Having never worked with very young children before it was certainly daunting walking into my first classroom. I expected chaos: children climbing the walls, tearing each other to pieces. They were, after all, only four years old. What greeted me instead was a group of well-behaved children, albeit a little scared and teary. I could see them looking up at me and looking back at their parents – a definite question of ‘why are you leaving me with this strange foreign looking person?’ in their minds. Once I realized, however, that we were both scared of each other I was able to calm down and focus on teaching them English. That was the real challenge: how to encourage and educate Chinese children who rarely have any knowledge of the English language outside a classroom. Whilst Chinese children start learning English in school from a young age they hardly every have a chance to practice it, particularly their speaking and listening skills. Consequently they are usually extremely shy and anxious when it comes to communicating in English. This is why you have to make it fun through games and music and, essentially making a prat of yourself!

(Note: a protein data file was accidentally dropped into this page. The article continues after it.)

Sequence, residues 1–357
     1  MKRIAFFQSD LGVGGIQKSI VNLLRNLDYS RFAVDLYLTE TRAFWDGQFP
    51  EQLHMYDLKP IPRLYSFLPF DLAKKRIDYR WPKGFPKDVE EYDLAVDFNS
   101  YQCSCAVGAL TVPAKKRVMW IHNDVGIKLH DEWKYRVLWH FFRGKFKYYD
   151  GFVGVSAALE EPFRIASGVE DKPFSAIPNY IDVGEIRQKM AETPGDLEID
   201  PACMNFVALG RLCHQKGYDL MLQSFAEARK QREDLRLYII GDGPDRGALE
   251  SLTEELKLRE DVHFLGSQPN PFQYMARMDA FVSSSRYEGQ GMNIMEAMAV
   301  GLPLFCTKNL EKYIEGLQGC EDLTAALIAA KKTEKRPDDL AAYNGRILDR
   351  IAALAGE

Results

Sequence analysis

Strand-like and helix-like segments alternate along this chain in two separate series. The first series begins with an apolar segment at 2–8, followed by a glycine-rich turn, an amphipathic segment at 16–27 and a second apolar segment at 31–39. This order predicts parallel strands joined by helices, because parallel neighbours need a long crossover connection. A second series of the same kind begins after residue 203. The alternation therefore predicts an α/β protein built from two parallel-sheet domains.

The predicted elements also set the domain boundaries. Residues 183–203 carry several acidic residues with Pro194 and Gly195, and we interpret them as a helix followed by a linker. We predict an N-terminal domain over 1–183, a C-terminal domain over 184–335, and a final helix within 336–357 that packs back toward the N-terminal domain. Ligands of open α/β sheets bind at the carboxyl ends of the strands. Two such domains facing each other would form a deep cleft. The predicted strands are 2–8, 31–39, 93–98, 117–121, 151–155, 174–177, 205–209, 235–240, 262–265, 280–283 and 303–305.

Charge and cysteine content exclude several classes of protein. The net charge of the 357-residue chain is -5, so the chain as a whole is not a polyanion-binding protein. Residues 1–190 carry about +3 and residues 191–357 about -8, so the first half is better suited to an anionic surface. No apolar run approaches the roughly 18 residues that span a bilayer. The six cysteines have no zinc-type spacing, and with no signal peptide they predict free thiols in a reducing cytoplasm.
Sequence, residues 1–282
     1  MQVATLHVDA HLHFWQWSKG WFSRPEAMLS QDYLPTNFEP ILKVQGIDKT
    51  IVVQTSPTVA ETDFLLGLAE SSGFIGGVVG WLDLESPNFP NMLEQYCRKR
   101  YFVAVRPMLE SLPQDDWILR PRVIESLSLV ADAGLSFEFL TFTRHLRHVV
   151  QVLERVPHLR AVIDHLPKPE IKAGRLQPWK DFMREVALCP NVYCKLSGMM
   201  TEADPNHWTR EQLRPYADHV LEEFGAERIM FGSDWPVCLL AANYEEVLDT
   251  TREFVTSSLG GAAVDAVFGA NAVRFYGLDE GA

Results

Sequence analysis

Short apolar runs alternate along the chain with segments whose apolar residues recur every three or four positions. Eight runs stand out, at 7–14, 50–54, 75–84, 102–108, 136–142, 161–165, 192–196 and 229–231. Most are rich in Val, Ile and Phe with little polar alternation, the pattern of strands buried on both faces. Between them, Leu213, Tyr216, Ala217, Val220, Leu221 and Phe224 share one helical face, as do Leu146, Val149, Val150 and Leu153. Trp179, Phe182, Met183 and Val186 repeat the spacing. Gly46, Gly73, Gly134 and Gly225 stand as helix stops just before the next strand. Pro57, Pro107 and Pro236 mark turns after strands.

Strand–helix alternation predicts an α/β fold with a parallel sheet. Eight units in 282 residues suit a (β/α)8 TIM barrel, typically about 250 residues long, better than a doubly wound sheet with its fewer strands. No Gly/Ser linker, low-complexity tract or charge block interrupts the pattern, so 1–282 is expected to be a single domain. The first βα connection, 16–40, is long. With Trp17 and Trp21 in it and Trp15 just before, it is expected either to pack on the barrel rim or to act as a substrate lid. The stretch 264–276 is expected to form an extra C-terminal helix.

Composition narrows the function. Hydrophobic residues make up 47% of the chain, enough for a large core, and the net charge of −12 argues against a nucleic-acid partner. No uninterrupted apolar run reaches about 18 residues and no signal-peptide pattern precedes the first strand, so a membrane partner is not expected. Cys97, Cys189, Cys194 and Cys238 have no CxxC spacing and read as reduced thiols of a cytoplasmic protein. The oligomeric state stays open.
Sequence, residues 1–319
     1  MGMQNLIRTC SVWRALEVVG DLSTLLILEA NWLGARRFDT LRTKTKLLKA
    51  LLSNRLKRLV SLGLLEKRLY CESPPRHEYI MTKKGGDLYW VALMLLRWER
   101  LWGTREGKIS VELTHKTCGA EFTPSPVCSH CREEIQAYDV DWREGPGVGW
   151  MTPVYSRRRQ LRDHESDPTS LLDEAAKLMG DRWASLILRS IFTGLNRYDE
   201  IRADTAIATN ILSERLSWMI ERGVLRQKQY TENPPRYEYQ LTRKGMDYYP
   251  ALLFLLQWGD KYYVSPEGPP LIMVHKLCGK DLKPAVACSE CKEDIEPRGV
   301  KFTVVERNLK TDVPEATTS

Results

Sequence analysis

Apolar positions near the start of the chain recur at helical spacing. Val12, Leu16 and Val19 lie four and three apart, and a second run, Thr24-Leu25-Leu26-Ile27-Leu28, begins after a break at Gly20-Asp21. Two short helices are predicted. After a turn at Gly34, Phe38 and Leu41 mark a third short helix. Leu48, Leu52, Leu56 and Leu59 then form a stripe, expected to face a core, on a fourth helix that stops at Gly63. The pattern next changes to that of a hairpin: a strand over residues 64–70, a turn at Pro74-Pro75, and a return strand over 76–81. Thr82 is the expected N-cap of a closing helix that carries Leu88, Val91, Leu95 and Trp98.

There is huge pressure on children to do well in school and succeed academically here in China. From a very young age they have a lot of homework and monthly exams, culminating in the terrifying Gaokao exam when they are eighteen. Therefore by creating a relaxed atmosphere in the classroom, playing games and removing their desks you are able to give them the freedom to play and learn through play. It’s such a joy to see a child’s confidence increase and to see that happiness on their face when they finally get an answer right or correctly pronounce that difficult word. As the term has progressed both mine and my students inhibitions have disappeared and, whilst their behavior may not be always perfect, their enthusiasm and enjoyment rarely wanes.